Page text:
By Jane C. Luxton, William J. Walsh and Amanda L. Tharpe
Per- and polyfluorinated substances (“PFAS”) are not all alike. Two – perfluorooctanoic acid (“PFOA”) and perfluoroctane sulfonate (“PFOS”) – are relatively well known and studied.
And then there are the rest: by various estimates, some 3,000-5,000 compounds, each different. The U.S. Environmental Protection Agency’s recently issued PFAS Action Plan focuses primarily on evaluation of the need for a federal drinking water standard for PFOA and PFOS and completion of toxicity assessments (such as oral reference doses (“RfDs”)) for GenX chemicals and six other PFAS.
The EPA is also working with the Centers for Disease Control (“CDC”) and the Agency for Toxic Substances and Disease Registry (“ATSDR”) to develop methods that will allow EPA to make inferences about the toxicity of PFAS mixtures that commonly occur in real world exposures.
These are important, scientifically sound steps, but they are not fast or easy, and the process is unlikely to satisfy public and political demands for quick answers on PFAS exposure and health impacts.
Already, citizen groups have labeled these steps “woefully inadequate” because they address “only a couple of chemicals” and criticized them as allowing the continued existence of a “known harm” from “the PFAS chemical class.”
Similarly, many states and municipalities have continued to express the “need [for] an enforceable drinking water standard to protect our communities right now.”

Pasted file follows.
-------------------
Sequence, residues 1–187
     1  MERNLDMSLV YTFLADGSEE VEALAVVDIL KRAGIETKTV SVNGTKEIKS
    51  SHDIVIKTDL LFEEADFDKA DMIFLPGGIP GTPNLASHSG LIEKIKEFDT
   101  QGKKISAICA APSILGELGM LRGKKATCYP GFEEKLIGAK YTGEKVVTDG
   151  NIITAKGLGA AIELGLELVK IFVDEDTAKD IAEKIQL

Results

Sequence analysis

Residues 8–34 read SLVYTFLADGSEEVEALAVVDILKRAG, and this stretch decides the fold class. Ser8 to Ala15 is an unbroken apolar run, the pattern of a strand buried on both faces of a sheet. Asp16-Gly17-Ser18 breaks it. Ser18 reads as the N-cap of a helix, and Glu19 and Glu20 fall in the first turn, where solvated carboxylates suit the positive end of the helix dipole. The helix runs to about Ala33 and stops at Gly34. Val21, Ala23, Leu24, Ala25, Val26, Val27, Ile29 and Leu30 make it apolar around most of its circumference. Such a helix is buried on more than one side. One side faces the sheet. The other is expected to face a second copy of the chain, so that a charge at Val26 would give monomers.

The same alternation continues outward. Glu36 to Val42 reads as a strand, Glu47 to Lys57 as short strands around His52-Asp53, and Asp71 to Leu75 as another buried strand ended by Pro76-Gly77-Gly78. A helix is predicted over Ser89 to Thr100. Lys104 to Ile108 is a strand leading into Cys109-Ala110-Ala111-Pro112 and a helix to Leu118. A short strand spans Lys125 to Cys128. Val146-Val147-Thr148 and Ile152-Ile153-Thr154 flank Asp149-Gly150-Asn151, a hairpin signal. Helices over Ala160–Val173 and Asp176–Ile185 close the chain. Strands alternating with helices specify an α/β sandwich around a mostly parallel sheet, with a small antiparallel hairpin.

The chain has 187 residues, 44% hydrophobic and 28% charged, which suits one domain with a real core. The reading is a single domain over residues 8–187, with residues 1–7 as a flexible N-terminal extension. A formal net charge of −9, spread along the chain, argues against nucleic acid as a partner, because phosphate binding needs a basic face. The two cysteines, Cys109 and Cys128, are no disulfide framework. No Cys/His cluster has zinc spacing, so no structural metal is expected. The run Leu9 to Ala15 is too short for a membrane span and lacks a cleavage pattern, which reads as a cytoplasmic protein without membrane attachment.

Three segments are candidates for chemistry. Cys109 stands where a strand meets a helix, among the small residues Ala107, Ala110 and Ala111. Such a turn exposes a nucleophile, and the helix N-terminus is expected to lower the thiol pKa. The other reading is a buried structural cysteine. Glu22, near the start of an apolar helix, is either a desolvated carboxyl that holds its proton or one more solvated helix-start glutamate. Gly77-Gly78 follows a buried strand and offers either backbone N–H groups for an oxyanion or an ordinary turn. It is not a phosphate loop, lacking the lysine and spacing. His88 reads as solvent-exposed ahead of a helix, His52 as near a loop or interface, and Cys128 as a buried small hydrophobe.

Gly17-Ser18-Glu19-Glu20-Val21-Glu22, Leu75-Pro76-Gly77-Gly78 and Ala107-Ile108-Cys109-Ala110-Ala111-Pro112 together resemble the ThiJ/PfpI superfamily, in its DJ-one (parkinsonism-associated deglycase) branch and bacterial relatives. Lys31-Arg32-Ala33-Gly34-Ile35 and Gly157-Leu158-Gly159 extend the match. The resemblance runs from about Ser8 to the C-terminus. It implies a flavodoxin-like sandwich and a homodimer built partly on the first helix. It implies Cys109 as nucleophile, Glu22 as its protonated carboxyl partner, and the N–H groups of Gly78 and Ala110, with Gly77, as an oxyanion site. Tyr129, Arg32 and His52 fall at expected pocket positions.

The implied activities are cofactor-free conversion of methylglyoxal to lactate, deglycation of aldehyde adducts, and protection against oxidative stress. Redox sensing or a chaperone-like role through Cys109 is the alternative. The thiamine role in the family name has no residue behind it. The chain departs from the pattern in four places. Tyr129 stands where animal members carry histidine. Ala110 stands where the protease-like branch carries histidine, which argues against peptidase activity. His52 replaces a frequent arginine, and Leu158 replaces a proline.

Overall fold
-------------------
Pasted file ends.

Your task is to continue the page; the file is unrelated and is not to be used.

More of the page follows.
And at least one Democratic Presidential candidate has gone so far as to demand that “we have to ban … [this] entire class of chemicals.”
Despite pressure for quick action and novel regulatory approaches that would essentially assume that all chemicals containing organic fluorides are equally toxic or apply other simplifying assumptions, for four principal reasons, the issues are complex, with scientific, legal, and practice aspects that will take time to analyze.
First, multiple PFAS have been found in groundwater and surface water at an increasing number of locations (e.g., one group of EPA scientists identified 75 “priority” PFAS), increasing the complexity of the analysis.
Second, regulators do not yet agree on either a methodology or appropriate regulatory levels for PFAS. EPA (and several states) trigger remedial action based on the sum of the concentration of PFOA and PFOS exceeding a 70 part per trillion (“ppt”) limit.
However, Connecticut, Massachusetts, and Vermont are setting limits for the sum of five different PFAS, not just PFOA and PFOS.
New Jersey and New York use a lower concentration ceiling than EPA and other states (a 10 ppt limit for PFOA and PFOS).
Vermont triggers action based on the sum of five PFAS exceeding 20 ppt. The Department of Defense derived a 380 ppt action trigger allegedly using EPA’s reference dose and standard EPA groundwater clean up screening level assumptions.
Third, underlying toxicological information on the individual PFAS chemicals is sparse except for PFOA/PFOS, and interpretations differ as to the existing evidence.